What does all of this mean? Well, it probably means that rights evolve. And that our commitment to protecting them evolves as well. It's not something that should happen willy-nilly, and it doesn't: It's a combination of society, Congress, and (yes) the courts moving in a commonly accepted direction, and that process usually takes time. The results can sometimes be messy and controversial--not everybody is on board with the right to abortion, for example--but I'll take that messiness over the clean precision of Scalia's vision that denies women the benefits of citizenship. It doesn't mean that some rights are "invented," at least not in the sense that the rights are thus artificial. It just means that they weren't named in the Constitution. That's not as big a deal as some people think.

Thursday, April 5, 2012

Small government, big banks?

One reason I've never really come around to being a small-government conservative is my belief that if we put a tight leash on the feds, that will allow other large institutions--mostly big businesses, but not limited to that--to dominate me instead. Conservatives deploy the language of liberty pretty effectively, but often it's in the service of a corporatist agenda that would wouldn't necessarily feel "free" to most of us. I'm not so much sure that "big government" is as much of a problem as is bigness itself: Outsized institutions of any sort, public or private, can have outsized impacts on our lives.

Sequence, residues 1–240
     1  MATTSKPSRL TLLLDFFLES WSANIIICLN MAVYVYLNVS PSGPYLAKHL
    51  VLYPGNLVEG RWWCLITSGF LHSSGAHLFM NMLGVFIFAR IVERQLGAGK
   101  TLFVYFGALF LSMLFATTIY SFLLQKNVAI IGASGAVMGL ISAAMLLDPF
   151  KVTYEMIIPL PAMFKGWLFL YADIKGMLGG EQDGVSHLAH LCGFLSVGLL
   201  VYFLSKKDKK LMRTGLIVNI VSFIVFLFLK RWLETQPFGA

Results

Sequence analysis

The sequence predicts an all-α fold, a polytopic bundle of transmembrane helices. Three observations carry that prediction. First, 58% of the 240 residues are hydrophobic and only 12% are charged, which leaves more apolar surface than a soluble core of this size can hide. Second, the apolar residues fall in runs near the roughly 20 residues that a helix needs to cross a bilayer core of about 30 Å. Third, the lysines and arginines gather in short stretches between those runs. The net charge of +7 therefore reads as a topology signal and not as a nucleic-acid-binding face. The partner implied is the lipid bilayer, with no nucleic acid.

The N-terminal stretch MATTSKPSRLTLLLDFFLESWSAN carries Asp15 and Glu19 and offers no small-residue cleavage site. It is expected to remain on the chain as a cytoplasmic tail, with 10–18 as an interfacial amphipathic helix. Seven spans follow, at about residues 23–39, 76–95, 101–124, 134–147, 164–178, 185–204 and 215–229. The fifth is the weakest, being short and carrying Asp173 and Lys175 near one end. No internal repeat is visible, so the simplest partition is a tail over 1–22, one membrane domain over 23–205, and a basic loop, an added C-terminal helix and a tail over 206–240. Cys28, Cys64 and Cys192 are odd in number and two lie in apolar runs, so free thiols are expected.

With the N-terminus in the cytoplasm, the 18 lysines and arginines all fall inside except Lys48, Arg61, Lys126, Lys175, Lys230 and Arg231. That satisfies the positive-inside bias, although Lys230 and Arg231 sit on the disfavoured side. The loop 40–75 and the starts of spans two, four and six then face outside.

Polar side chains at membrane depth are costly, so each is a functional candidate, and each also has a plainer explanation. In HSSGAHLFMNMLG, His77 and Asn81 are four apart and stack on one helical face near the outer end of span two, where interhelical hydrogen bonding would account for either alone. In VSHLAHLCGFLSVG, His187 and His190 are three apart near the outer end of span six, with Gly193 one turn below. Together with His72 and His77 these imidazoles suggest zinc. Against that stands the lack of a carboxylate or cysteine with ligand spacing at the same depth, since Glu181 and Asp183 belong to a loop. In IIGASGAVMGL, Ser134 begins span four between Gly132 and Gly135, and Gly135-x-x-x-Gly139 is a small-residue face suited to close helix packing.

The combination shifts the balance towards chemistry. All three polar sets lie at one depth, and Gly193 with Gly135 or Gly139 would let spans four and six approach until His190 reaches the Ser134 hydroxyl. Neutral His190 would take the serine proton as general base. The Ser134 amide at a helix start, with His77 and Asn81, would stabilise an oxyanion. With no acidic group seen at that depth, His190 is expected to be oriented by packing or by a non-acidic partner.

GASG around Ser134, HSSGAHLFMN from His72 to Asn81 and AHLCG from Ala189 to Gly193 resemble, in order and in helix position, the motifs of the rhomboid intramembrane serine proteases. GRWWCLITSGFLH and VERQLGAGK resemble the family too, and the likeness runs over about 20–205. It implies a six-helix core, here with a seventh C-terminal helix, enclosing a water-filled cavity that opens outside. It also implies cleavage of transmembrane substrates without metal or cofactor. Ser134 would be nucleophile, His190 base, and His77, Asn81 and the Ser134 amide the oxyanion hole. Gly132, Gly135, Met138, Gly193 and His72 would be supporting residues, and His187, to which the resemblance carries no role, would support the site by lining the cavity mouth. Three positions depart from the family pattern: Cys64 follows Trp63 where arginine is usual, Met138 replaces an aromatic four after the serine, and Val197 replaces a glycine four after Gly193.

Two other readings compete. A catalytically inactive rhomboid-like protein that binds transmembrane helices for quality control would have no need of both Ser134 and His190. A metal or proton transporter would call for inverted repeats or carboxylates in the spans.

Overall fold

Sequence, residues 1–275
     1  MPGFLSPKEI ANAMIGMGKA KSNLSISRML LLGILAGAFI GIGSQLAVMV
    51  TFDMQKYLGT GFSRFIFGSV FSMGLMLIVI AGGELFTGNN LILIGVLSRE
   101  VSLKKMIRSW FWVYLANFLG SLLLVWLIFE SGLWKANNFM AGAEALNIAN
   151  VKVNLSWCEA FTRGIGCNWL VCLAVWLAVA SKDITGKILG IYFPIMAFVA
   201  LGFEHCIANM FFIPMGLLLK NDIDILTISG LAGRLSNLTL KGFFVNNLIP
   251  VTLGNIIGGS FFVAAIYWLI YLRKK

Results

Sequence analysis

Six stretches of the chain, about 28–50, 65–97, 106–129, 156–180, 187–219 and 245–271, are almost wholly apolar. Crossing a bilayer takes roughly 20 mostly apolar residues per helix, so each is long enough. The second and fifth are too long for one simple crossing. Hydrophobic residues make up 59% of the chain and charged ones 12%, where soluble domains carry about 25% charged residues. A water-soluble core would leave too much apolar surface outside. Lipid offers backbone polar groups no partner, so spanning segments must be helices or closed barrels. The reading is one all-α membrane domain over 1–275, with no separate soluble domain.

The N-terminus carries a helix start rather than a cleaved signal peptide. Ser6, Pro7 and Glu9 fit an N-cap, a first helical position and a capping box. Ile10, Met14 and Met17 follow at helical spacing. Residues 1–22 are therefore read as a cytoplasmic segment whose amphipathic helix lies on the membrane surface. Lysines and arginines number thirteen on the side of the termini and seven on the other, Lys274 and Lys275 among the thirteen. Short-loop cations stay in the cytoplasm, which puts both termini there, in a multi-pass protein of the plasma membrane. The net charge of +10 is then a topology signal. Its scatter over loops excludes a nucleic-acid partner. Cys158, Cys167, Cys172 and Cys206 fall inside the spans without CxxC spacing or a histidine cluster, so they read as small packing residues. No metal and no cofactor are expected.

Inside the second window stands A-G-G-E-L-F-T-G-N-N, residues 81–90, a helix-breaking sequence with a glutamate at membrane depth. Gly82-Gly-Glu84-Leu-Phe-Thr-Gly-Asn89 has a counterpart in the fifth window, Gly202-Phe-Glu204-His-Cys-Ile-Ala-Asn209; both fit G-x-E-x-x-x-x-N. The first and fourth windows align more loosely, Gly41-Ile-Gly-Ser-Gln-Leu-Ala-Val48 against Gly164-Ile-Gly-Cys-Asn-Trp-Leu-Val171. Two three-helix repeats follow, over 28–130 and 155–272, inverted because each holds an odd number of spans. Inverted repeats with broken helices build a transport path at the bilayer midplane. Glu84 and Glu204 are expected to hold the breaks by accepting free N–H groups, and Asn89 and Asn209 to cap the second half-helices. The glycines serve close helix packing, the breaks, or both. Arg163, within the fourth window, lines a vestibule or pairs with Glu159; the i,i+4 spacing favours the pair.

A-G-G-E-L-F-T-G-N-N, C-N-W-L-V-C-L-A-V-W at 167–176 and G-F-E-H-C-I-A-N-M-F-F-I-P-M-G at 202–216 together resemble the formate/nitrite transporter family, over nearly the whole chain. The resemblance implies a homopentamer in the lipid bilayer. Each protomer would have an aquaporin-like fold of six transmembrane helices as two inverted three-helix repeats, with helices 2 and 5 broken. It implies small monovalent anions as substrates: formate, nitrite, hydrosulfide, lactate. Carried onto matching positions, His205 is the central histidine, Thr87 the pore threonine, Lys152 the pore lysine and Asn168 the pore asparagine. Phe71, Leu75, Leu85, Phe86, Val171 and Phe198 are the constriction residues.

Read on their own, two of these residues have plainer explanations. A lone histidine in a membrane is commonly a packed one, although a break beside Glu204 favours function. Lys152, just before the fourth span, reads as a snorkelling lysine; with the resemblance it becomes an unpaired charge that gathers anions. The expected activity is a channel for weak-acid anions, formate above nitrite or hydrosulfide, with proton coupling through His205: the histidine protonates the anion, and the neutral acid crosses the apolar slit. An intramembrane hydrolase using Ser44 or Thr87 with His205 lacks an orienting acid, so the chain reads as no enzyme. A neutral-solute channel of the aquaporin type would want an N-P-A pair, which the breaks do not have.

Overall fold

So I'm intrigued by the question raised by my friend (and occasional nemesis) Steve Hayward over at Power Line. If conservatives want small government, he asks, should they also be in favor of breaking up the big banks? 
So I think I could be persuaded that the big banks should be broken up, though this requires conservatives and pro-market libertarians to set aside their cognitive dissonance over the use of centralized political power to accomplish such an end. Discuss in the comment thread.
Me? I think it's "pro-market" to actually let the market work: When banks get too big to fail, they put taxpayers on the hook for their risk-taking. You obviously can go too far in regulating the markets, but (ahem) you can also go too far in deregulating them, as well. Markets work best when they have some boundaries.